The great Minoan civilization -- sometimes called the first great socialist state, and identified as Plato's lost Atlantis -- declined abruptly after a volcanic eruption apparently caused the evacuation of one of its chief islands some 3,500 years ago.

Much archeological work has attempted to date the great eruption, which would enable scientists to place an end bracket on the Minoan period in the Mediterranean. So far they have been unable to place the date more accurately than within a 200-year period. A date of about 1500 B.C. has long been accepted.

But now volcanologist C.U. Hammer of the University of Copenhagen and his colleagues in Denmark have applied a different technique to the problem and say the accepted date may be off by about 150 years.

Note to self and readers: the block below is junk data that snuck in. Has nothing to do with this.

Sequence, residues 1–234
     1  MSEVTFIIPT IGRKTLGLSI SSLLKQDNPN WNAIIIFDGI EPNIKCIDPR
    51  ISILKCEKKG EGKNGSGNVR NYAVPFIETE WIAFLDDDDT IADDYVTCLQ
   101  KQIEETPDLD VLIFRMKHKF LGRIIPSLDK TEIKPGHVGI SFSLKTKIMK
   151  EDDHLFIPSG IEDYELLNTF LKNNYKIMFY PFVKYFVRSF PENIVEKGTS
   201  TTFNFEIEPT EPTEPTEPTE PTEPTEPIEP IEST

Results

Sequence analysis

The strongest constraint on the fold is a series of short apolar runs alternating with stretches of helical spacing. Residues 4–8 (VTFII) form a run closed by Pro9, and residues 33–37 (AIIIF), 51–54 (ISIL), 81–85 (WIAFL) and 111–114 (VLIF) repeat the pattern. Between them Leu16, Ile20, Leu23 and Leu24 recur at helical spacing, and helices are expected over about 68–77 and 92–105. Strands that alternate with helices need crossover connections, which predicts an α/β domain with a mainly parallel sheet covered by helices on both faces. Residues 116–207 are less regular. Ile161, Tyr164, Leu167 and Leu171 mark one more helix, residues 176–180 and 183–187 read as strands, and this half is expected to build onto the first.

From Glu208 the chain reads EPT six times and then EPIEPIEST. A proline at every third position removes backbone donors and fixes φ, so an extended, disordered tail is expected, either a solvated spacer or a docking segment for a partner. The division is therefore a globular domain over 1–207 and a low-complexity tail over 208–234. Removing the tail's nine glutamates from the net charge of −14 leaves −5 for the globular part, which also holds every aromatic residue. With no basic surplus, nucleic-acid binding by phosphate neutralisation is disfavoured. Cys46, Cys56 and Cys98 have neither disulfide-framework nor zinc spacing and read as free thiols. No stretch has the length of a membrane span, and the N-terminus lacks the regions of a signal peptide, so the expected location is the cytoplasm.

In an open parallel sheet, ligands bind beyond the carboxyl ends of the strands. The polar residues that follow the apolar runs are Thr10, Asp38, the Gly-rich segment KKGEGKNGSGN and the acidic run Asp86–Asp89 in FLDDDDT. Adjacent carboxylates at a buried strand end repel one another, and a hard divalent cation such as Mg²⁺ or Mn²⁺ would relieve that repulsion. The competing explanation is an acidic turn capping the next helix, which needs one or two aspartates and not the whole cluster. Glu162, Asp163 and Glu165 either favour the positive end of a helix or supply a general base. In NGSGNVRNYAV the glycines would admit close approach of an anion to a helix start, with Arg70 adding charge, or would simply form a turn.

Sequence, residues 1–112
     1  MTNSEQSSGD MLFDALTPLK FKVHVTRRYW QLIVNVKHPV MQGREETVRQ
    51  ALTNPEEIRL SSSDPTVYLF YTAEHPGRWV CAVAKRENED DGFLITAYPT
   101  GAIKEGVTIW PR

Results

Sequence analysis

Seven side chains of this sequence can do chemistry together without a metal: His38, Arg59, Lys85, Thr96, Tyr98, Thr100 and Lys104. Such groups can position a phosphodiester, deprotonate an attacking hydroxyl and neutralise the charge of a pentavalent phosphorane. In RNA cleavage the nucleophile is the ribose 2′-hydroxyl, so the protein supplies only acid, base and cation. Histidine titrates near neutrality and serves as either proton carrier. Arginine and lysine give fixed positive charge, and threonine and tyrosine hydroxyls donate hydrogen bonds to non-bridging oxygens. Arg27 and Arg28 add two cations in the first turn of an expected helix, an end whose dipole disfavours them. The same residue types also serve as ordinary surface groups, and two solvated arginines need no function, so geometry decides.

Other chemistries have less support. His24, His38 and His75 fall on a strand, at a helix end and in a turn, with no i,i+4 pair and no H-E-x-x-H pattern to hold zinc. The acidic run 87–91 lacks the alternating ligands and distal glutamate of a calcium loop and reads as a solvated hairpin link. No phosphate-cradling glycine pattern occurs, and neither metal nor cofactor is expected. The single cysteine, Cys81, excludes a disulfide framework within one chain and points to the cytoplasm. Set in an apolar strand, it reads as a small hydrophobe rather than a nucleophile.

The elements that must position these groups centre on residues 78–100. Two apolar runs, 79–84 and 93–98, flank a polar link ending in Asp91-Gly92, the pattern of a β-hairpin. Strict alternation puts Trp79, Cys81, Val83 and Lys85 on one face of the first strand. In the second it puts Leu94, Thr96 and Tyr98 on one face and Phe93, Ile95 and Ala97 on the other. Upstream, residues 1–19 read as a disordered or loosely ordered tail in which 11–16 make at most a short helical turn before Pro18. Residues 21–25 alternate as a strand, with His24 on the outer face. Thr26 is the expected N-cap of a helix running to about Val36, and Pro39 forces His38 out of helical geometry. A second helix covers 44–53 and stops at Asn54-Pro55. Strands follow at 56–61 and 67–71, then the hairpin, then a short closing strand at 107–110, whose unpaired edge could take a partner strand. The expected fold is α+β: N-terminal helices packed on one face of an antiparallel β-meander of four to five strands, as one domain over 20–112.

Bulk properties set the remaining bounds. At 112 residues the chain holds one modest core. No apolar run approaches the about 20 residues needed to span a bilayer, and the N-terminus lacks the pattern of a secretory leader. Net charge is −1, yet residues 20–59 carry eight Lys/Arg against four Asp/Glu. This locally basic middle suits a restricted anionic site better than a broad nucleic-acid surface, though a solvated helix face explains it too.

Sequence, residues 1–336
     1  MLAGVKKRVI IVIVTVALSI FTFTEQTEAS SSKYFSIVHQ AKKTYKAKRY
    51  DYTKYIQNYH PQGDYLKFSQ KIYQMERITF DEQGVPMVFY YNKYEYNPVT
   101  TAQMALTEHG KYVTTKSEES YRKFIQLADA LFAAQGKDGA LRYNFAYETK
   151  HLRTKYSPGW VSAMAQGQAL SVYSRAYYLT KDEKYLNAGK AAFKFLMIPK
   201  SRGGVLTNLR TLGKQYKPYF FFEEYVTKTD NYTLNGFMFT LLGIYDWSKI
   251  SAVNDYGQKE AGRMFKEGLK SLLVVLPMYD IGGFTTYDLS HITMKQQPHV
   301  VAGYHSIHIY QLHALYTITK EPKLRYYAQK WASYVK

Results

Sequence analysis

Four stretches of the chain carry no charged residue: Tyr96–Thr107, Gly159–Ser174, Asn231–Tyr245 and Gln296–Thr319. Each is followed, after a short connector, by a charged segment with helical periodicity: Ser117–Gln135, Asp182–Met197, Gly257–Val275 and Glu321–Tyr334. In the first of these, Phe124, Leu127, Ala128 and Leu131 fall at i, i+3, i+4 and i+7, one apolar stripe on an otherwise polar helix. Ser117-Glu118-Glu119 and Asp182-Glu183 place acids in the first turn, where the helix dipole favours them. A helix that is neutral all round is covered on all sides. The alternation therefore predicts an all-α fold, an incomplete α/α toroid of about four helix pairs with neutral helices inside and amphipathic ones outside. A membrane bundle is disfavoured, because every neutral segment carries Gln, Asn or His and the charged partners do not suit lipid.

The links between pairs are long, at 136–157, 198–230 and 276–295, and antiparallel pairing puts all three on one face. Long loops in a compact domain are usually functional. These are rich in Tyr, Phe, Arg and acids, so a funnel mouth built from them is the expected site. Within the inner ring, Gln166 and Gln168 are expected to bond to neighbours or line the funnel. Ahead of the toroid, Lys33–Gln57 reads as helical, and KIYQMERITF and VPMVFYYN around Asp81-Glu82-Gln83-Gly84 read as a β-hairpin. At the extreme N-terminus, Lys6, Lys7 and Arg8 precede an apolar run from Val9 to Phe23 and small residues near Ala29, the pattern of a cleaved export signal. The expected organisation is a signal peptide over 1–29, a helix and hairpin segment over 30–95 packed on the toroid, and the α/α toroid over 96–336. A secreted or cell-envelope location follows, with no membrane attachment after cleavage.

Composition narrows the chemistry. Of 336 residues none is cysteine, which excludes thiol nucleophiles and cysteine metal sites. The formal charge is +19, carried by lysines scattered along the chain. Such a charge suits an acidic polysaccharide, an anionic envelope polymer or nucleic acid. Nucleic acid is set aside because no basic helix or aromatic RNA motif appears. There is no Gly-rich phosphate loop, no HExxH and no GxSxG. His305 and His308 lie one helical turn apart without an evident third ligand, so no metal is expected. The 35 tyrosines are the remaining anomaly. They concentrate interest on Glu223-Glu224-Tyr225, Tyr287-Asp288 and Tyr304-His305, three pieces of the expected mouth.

Hammer took an ice core in Greenland and measured the acidity of the annual deposits over a period from 1900 to 1300 B.C. In about 1645 B.C., plus or minus 20 years, he found a sharp rise in acidity for the whole year and a deposit of sulfuric acid, which would be consistent with a major eruption that spewed ash into the world weather system.

The eruption took place on the island of Thera, now called Santorini, where the ancient metropolis Akrotiri was situated. Akrotiri has been called the prehistoric Pompeii because of the rich remains found under volcanic ash. Thera is located about 75 miles north of Crete. Minoan culture was centered in Crete, with its capital at Heraklion.

If the new date can be verified, archeologists will have to begin a scramble to revise the dating system of the whole Minoan period, expanding the "Late Minoan" era to before 1700 B.C. and cutting short the "Middle Minoan" period of massive building projects by more than a century.